A similar regional synergy could be envisioned for South Sudan, now trapped in a northern-oriented government where all routes lead to landlocked Kharoum. The south Sudanese already trade heavily with Ugandans to the south. And the government of Kenya is preparing to build a massive port at Lamu, near its coastal border with Somalia, in part to move goods back and forth to South Sudan.

And what of Somalia, a benighted nation stitched together out of three pieces -- bequeathed by two European powers -- only in 1960? Somalia is today effectively three nations anyway, two of which, Somaliland and Puntland, cannot receive international recognition despite providing relatively decent services to their residents. If they were true "states" by international standards, aid, diplomats, and security assistance from, for example, U.S. Africa Command, could pour in.

Of course, splicing up Africa's countries is no panacea for the continent's woes. You might argue, for example, that conflicts would not be stopped at all; they would just go from being civil wars to interstate conflict between two divorced neighbors. That may well happen, and of course no conflict is good news. But the international community has much stronger deterrents for such country-to-country spats than internal civil war. And new states would likely be reluctant to incur the repercussions of diplomatic and economic isolation. Others will wonder if new borders can really change the continent's record of abysmal governance. The answer is a certain yes: There is no better incentive to get your house in order than taking over a responsibility as huge as running your own state.

Many of these concerns are valid. But the redrawing of Africa may happen whether we will it or not. Next year's vote in Sudan could finally put to pasture the acceptance of African borders as unchangeable -- and put the engineering of new African states at the top of the international agenda. Qaddafi was crazy enough to tackle the issue head on. Now who will be brave enough to be next?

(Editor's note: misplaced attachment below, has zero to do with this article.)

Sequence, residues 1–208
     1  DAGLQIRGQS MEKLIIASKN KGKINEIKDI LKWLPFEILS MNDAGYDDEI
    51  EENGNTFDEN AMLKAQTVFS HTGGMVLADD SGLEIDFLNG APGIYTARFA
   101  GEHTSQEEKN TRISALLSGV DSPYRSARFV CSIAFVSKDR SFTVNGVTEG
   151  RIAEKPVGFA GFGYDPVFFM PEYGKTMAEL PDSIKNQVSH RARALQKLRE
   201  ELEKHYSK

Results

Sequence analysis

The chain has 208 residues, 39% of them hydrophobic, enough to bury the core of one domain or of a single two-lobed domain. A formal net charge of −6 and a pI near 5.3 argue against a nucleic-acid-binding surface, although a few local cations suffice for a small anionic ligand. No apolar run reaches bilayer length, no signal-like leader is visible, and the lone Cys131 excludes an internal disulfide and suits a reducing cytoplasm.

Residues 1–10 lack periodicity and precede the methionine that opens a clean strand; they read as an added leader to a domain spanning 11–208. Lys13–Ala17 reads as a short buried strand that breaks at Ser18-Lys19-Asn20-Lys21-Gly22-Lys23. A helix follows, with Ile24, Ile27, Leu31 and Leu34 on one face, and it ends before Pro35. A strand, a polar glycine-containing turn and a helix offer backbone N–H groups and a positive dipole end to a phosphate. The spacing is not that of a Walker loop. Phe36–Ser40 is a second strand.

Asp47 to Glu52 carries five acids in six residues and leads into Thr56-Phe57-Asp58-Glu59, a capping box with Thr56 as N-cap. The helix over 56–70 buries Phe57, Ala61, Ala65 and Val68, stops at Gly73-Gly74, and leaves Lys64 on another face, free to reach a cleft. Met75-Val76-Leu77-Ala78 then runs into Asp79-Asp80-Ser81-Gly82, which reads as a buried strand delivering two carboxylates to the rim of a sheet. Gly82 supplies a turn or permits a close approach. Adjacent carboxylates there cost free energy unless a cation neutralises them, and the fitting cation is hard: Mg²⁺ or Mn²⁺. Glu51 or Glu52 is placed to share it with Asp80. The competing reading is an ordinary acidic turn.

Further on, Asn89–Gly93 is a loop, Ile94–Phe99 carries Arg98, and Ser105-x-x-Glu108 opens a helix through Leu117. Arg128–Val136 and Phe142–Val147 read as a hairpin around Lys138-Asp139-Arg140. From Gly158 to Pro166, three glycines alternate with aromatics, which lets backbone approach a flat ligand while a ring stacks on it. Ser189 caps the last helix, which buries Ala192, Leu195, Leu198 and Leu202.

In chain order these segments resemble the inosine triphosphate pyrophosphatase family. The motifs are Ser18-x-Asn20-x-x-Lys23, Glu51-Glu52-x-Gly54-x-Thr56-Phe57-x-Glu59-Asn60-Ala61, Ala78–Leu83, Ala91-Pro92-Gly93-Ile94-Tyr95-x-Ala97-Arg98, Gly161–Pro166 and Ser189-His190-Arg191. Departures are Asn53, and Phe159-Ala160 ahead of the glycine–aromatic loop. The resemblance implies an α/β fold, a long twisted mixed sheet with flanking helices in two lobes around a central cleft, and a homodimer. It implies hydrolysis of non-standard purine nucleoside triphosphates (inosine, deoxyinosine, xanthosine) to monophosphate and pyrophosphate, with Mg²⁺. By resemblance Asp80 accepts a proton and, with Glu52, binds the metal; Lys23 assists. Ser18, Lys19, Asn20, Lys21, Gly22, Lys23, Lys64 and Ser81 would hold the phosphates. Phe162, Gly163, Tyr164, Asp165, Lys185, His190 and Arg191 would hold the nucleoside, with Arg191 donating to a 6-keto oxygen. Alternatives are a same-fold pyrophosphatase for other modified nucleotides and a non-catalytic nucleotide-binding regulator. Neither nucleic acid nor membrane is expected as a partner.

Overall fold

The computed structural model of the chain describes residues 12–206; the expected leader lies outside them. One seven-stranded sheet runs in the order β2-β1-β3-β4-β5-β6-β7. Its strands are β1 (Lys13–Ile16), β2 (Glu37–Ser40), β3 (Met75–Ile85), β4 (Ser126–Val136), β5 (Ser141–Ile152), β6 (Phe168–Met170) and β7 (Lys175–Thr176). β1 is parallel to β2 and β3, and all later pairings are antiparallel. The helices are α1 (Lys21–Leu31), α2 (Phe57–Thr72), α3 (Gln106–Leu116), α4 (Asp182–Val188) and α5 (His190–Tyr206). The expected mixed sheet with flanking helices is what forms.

JUAN BARRETO/AFP/Getty Images

Argument

Global Strikeout

The Pentagon's new missile program is expensive, unnecessary, and insanely dangerous.

New weapons systems should always meet three requirements: They should be feasible, needed, and affordable. The proposed Prompt Global Strike program, which according to U.S. Defense Secretary Robert Gates has been "embraced by the new administration," does not meet any. Using intercontinental ballistic missiles to hurl conventional warheads at caves is a truly bad idea. It would use technology that doesn't work for a capability the United States doesn't need at a cost it can't afford. Oh, and it could also start a nuclear war.

The plan is to build new weapons that can hit a target half a world away in under an hour. Defense contractors concerned about the shrinking market for long-range missiles began promoting this to George W. Bush's Defense Department, where it was rejected as unworkable. Now, as they take steps to reduce the U.S. reliance on nuclear weapons, Obama defense officials are resurrecting it.

Would such a system even work? The diagram of the concept is almost a Rube Goldberg scheme: an intercontinental ballistic missile (ICBM) launches and releases a space plane that glides through the atmosphere and flies to strike area where it drops a bomb on target. A more complete schematic would include other necessary features like a heat shield that would try to stop the glider from melting on re-entry as it screams in much faster than the space shuttle. Proponents of the program say it will rely on "cutting-edge technology." (Read: "We don't know how to do it.")